ROME — As Peter Munk slips uneasily into retirement, he doesn’t really not want to be known for Porto Montenegro, the superyacht marina that he and his billionaire friends built on the Adriatic Sea. He wants to be known for Barrick Gold, the Toronto mining company that he cursed only two years ago but now praises as an industrial Lazarus.
On Friday, Mr. Munk, who is 88 and plotting his retreat to Lyford Cay, a gated community for the wealthy in the Bahamas, announced the sale of Porto Montenegro to the Investment Corp. of Dubai, the Persian Gulf country’s sovereign wealth fund, for an undisclosed amount.
Financially speaking, the sale is no big deal; at best, it earned a small profit for the Munk-led investment group that turned a rotted, former Yugoslavian naval base into one of the Mediterranean’s most glamorous yacht parking lots. Its greater significance is that it marks the end of an era for Mr. Munk. He insists he will never fully retire, and that he’s still got a few deals left in him, but he is unlikely to take on a project as big again.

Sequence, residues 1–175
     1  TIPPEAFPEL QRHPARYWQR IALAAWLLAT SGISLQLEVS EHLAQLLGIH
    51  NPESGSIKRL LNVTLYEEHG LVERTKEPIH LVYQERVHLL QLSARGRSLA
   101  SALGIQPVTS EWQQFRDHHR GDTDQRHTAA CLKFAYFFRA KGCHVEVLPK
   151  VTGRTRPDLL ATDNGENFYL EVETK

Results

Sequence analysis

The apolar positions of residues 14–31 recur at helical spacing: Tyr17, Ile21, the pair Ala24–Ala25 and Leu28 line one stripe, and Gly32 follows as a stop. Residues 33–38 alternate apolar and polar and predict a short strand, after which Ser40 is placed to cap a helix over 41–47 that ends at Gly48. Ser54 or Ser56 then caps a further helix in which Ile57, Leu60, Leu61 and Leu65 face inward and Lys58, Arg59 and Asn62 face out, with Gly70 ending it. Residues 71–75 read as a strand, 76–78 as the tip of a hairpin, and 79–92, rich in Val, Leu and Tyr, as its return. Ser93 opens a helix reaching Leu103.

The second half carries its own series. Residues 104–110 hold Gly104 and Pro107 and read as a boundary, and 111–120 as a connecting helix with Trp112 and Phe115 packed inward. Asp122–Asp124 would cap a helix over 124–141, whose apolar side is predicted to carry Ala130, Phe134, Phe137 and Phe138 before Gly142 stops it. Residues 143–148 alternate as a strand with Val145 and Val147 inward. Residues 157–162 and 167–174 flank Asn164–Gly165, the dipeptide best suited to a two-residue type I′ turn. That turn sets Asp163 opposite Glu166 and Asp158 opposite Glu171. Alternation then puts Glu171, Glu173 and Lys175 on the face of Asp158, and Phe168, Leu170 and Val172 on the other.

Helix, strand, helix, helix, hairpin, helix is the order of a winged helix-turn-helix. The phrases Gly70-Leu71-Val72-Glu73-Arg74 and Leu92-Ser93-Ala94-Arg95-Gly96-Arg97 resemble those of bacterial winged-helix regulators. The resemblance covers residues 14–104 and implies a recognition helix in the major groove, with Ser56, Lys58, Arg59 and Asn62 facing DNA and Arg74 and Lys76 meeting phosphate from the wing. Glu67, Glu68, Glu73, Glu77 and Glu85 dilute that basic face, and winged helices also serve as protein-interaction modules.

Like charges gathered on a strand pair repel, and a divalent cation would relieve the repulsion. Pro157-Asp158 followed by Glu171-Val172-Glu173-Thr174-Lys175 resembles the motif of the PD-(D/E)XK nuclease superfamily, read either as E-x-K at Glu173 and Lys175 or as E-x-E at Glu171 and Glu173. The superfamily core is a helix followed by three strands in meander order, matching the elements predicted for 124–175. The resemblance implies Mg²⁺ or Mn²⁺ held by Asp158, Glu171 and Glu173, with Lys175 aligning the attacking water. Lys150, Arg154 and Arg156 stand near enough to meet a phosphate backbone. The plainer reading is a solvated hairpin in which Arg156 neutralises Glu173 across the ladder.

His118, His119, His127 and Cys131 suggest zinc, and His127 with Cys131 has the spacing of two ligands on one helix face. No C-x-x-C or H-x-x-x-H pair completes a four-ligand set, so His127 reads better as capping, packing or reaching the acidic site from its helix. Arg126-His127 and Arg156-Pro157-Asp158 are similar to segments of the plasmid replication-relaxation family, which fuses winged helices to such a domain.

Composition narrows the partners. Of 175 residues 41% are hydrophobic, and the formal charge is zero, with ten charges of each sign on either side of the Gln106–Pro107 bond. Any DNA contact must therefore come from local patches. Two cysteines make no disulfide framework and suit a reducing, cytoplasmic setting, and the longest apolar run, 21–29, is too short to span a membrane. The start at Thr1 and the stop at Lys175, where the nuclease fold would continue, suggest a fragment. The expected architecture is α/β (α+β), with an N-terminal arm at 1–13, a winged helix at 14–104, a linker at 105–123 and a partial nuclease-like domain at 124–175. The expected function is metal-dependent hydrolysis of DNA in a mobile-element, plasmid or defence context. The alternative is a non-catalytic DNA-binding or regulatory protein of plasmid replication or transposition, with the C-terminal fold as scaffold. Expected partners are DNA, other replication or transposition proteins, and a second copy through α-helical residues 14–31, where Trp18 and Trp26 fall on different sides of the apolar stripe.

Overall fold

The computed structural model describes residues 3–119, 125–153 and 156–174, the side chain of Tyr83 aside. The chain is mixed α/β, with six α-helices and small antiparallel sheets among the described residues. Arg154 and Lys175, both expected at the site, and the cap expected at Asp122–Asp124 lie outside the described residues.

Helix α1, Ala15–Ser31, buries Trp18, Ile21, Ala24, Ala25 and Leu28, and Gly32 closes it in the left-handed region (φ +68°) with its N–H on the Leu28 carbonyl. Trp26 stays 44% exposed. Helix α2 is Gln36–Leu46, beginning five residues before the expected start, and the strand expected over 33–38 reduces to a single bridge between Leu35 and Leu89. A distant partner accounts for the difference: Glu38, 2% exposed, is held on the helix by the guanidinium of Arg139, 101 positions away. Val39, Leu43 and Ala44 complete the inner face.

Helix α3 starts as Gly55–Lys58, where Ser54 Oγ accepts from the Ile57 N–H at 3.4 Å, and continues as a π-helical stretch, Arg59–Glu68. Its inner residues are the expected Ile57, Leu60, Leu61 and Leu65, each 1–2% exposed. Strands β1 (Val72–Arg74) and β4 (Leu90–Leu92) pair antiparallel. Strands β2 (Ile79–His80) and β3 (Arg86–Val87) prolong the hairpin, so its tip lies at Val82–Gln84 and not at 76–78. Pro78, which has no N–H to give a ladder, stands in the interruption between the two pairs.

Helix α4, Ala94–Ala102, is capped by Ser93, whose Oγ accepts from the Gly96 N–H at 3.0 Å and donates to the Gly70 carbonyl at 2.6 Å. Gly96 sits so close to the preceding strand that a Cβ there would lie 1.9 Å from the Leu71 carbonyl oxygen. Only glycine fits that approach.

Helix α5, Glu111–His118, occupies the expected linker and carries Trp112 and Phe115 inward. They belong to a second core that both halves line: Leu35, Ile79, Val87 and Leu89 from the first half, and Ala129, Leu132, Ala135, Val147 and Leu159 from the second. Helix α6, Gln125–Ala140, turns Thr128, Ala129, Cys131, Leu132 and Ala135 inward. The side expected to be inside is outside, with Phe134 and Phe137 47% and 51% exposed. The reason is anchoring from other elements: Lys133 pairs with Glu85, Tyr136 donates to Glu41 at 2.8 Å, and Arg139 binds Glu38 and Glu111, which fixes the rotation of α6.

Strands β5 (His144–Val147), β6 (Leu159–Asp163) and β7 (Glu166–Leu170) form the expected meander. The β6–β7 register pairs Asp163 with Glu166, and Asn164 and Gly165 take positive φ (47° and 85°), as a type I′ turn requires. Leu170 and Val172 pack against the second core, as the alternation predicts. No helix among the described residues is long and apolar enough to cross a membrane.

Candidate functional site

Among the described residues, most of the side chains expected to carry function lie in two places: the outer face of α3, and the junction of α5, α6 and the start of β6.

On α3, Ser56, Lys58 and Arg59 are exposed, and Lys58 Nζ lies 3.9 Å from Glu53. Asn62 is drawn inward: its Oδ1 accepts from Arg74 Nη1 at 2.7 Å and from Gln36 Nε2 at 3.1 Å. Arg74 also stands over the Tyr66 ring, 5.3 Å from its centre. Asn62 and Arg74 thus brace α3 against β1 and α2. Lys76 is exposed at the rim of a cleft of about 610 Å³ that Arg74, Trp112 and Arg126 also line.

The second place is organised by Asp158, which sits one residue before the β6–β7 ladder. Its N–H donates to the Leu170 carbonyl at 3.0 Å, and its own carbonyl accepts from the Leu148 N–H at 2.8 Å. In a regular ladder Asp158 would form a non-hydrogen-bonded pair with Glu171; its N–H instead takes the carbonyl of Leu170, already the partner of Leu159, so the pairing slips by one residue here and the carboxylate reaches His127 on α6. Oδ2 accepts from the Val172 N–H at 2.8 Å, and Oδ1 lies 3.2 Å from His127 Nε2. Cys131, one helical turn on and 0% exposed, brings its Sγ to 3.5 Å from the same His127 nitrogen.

He’s more concerned with his legacy. “Barrick is my legacy,” he said in long phone interview earlier this week. “It’s what I’m known for. It’s what I did for 34 years … Barrick is completely back to its glory days.”
Well, not quite, but there is little doubt that the worst is over for the top name in the gold business, and one of the exceeding few Canadian mining companies that can claim global player status without be laughed out of the conference centre. A couple of years ago, Barrick shares were taking a BlackBerry-like plunge to the bottom of the mine shaft, the victim of stunning project cost overruns in Latin America and the falling gold price.
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